Racial and Cultural Prejudice Panel Discussion Continues

(Beaver Dam) “Well, I look at everything, well not everything, I mean, I’m a white woman, right? So, I have not as many problems as other people. But in my work, I have a bias maybe toward Hispanic [or] Latino families and the problems that they go through and the fears that they have. There are things that I know they don’t tell me, and then when they do feel comfortable telling me, then I shudder and think ‘Oh my gosh, what is it that they don’t feel comfortable telling me?’ Yikes. That’s not okay. What can I do? I hope that I can use my position of privilege and my position to advocate for them. There’s no solving a problem unless you recognize that there is a problem, and you can’t recognize a problem without talking about it. So, let’s talk.”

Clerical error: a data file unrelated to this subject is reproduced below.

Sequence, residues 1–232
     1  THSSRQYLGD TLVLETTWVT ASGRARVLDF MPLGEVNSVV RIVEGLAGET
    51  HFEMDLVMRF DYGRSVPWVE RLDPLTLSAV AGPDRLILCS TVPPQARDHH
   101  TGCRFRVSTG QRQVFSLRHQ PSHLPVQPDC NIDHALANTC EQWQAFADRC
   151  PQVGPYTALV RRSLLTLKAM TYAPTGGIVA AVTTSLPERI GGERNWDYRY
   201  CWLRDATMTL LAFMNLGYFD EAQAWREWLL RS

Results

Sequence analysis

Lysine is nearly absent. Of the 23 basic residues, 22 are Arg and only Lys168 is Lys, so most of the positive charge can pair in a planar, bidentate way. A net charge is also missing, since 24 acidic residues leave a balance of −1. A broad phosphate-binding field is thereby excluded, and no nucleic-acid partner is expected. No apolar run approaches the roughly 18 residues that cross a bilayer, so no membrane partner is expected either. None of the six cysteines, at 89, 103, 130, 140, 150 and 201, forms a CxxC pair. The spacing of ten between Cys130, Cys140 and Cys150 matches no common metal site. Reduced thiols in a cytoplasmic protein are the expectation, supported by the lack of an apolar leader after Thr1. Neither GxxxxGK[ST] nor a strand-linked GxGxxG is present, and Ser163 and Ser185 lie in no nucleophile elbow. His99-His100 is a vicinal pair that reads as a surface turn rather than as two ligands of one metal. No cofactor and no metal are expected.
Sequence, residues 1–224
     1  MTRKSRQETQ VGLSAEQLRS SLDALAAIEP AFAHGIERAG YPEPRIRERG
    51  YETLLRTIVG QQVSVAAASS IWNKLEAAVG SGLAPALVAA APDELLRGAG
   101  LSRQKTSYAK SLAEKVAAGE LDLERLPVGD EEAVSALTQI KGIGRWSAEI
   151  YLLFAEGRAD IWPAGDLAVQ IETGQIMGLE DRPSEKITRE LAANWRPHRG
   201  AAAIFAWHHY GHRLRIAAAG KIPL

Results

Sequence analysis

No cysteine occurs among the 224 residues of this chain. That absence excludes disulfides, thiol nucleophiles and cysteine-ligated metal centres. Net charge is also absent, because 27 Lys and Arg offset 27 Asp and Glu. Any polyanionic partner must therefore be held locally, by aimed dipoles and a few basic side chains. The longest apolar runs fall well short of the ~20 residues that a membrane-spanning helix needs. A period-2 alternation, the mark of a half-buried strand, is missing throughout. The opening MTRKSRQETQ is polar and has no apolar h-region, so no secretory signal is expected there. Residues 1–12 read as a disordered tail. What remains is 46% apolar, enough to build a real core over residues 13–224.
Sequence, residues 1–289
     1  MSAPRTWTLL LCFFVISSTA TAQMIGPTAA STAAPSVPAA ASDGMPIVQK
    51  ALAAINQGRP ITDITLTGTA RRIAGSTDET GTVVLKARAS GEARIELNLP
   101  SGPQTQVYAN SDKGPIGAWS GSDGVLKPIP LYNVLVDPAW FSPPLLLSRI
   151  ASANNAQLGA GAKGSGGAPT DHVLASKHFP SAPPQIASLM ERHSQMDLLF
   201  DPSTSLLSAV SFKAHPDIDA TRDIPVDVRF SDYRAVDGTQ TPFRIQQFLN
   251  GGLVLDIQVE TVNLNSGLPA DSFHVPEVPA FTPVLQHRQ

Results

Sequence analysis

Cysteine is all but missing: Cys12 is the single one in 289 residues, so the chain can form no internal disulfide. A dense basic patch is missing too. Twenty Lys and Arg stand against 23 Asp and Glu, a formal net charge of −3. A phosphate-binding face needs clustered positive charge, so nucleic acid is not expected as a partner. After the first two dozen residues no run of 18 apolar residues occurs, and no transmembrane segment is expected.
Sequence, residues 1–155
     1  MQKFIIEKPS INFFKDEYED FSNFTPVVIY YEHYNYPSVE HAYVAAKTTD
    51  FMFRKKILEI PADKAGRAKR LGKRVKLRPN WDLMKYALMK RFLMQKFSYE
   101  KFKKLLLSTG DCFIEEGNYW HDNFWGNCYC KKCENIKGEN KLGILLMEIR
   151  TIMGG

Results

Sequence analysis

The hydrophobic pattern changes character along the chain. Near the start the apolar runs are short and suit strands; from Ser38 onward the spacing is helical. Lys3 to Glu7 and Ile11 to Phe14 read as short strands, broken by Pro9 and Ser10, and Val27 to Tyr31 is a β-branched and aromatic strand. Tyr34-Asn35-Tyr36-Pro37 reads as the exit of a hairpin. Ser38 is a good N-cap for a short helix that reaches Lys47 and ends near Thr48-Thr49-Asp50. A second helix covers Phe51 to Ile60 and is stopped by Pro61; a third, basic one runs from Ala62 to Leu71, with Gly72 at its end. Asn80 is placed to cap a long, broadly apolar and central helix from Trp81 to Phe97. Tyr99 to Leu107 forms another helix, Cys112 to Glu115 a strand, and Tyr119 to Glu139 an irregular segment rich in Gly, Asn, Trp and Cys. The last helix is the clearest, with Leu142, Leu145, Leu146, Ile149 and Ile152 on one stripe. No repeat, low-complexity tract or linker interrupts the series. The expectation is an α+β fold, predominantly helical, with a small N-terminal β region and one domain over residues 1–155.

Those remarks were made at the Beaver Dame Area Community Theater during a recent community panel discussion on racism and cultural prejudice by Betsy Ramsdale. She is a bilingual family liaison for the Beaver Dam Unified School District. The topic of conversation was racism and cultural prejudice. The purpose of the discussion was to bring awareness to those topics at the local level.

Ramsdale goes on to say that she knows there are aspects of life that her Hispanic or Latino co-workers do not share with her, and shudders at what those could be. When they do, she wonders how she could help. In addition, she hopes to use her position of white privilege to advocate for those who face issues of racism.
In our next story, we will be highlighting the comments made by Rob Meyer, director of teaching and learning at the Beaver Dam Unified School District.